Digital Nativism, Digital Delusions

And I thought I was quite critical of Marc Prensky! Jamie McKenzie has previewed his keynote for the National Council of the Social Studies (NCSS) at the end of November in San Diego. Read it here.

The major part of the article is a very biting critique of Prensky’s notions on Digital Natives and Immigrants, and his somewhat idiosyncratic and spotty use of academic research:

Prensky quotes Dr. Perry out of context and without citing which article or study he has in mind. He makes it seem like Perry is supporting his claim that growing up digitally will change the brains of the young.

If anything, Perry is arguing against the digital world that Prensky welcomes and celebrates.

His view of current teaching practices and teachers:

Where does Prensky come up with this kind of nonsense? Progressive educators have been arguing for learning that is engaging even before the advent of the television. John Dewey, Hilda Taba and many others have argued for learning that appeals to the senses and sparks the curiosity of the young.

The following sections are less well argued however. Jamie turns the phrase ‘digital deprivation’ round to refer to people who are so immersed in a digital world that they live in an impoverished physical world. I think there can be some truth to this (I can think of individual students past for whom this was certainly true), but not as well argued, backed up or qualified as it should be.

Thanks to Gia for pointing me to this article.

4 thoughts on “Digital Nativism, Digital Delusions

  1. Daniel Livingstone

    ps Think I was a bit too soft on McKenzie in that review. In his view of ‘digital deprivation’ he completely ignores a lot of evidence and published work that shows that (a) the main use of social networking sites by teens is to keep in contact with real-world friends that they DO meet face-to-face, and (b) there are many, many documented cases of people whose lives are significantly enriched through social networking and gaming.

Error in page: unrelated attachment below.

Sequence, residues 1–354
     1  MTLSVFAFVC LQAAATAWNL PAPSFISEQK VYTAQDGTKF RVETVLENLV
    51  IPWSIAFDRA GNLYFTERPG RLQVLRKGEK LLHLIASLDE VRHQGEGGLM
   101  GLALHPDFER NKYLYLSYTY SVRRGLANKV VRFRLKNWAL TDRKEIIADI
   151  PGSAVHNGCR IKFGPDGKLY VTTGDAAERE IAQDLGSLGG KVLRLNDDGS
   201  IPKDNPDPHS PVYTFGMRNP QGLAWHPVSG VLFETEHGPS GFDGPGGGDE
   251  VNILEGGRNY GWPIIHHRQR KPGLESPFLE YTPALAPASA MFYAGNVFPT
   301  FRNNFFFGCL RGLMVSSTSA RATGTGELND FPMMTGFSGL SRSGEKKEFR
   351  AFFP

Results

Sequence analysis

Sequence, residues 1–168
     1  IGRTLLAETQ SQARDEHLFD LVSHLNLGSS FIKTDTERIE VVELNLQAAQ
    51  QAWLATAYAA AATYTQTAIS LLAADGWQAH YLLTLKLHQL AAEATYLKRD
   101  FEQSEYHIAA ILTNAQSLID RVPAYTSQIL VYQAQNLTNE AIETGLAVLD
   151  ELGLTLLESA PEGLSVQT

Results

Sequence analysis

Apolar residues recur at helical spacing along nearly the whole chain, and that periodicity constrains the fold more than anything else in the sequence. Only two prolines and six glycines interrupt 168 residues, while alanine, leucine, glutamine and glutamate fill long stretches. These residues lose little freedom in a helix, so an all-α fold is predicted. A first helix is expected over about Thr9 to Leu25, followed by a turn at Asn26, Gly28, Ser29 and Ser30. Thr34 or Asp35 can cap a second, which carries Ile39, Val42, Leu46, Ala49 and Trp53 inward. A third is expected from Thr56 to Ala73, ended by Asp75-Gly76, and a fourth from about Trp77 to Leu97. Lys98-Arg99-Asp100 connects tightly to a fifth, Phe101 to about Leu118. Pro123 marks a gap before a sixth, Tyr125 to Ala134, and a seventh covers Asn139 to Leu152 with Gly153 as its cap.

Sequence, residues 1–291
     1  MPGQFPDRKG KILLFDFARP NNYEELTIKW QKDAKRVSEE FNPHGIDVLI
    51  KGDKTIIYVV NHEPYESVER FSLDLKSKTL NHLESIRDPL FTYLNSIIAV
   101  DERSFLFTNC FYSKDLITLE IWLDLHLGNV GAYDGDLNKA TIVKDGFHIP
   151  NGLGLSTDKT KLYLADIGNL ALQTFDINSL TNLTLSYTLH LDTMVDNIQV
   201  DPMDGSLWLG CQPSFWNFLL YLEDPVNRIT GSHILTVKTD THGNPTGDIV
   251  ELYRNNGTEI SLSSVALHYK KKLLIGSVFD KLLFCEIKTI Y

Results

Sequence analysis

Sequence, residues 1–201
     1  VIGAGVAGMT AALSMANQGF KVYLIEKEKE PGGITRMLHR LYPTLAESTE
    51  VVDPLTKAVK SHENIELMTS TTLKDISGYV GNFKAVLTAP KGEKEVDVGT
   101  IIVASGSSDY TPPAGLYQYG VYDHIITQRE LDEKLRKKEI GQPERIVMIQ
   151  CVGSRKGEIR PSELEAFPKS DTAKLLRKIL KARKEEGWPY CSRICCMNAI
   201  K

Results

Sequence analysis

2. Bill Kerr

    I think its McKenzie the conservative critiquing Prensky the provocateur

    I’ve been to a McKenzie inservice and its all about baby steps, making the technology fit the existing curriculum. eg. Inspiration for concept mapping. He wouldn’t dream of taking teachers out of their comfort zones.

    During the break I asked him about logo and he was quite dismissive. “It didn’t work”. What he really means is that he can’t make a living out of it because its challenging, better to be less ambitious.

    His dreary quote from TS Elliot sums up his approach. Slash your wrists, life is so boring. He even has an article on his site titled, “Beware the Visionary”.

    Prensky talks nonsense but at least its interesting nonsense.

  3. Gia

    Thanks for the credit, Daniel.

    I should point out, however, that it was Scott Merrick who asked me for my opinion on it a few weeks ago.

    When I read the article I had a bit of a soapbox moment, which I won’t share here, because -quite frankly- both Prensky and McKenzie have had enough public air time for their ideas already without me adding any of my blurb to it.

    Suffice to say that neither of the authors do particularly well in the writing/research department. The only value of articles like this is that it gets people thinking and talking about the value of digital content, so I suppose it’s all good in the end.


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